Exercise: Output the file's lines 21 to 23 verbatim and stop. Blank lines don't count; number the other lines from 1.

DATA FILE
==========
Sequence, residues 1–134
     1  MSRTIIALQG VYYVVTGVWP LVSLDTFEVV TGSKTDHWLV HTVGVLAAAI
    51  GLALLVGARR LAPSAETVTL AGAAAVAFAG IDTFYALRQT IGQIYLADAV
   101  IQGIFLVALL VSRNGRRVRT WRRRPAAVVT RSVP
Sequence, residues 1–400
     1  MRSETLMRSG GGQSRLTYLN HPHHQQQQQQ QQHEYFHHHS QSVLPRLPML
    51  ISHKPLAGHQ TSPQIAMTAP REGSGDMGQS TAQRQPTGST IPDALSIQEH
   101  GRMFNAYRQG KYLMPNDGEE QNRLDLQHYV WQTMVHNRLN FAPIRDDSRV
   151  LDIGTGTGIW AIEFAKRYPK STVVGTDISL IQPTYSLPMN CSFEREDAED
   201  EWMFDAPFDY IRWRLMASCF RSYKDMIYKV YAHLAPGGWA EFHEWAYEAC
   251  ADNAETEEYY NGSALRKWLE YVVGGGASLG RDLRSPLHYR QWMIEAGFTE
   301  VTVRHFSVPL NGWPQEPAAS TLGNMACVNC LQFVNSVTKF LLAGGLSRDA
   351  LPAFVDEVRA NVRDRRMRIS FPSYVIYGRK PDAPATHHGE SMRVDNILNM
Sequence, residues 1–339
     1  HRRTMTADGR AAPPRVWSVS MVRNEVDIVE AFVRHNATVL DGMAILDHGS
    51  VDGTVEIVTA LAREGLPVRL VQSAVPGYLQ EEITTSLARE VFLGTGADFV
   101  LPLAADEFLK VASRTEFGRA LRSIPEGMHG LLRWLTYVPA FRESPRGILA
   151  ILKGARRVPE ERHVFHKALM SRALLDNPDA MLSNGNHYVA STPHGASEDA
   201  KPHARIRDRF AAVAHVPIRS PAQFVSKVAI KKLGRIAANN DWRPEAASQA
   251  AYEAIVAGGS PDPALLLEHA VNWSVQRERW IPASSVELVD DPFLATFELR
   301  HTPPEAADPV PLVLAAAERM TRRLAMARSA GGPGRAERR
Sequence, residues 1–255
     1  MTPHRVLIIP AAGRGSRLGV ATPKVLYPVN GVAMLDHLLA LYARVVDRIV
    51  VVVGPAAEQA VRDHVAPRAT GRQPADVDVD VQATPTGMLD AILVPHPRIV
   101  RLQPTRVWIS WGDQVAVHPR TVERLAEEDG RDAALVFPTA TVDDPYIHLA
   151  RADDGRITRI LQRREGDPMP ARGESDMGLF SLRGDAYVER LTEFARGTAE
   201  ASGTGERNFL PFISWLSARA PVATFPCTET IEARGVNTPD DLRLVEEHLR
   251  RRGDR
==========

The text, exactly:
   301  HTPPEAADPV PLVLAAAERM TRRLAMARSA GGPGRAERR
Sequence, residues 1–255
     1  MTPHRVLIIP AAGRGSRLGV ATPKVLYPVN GVAMLDHLLA LYARVVDRIV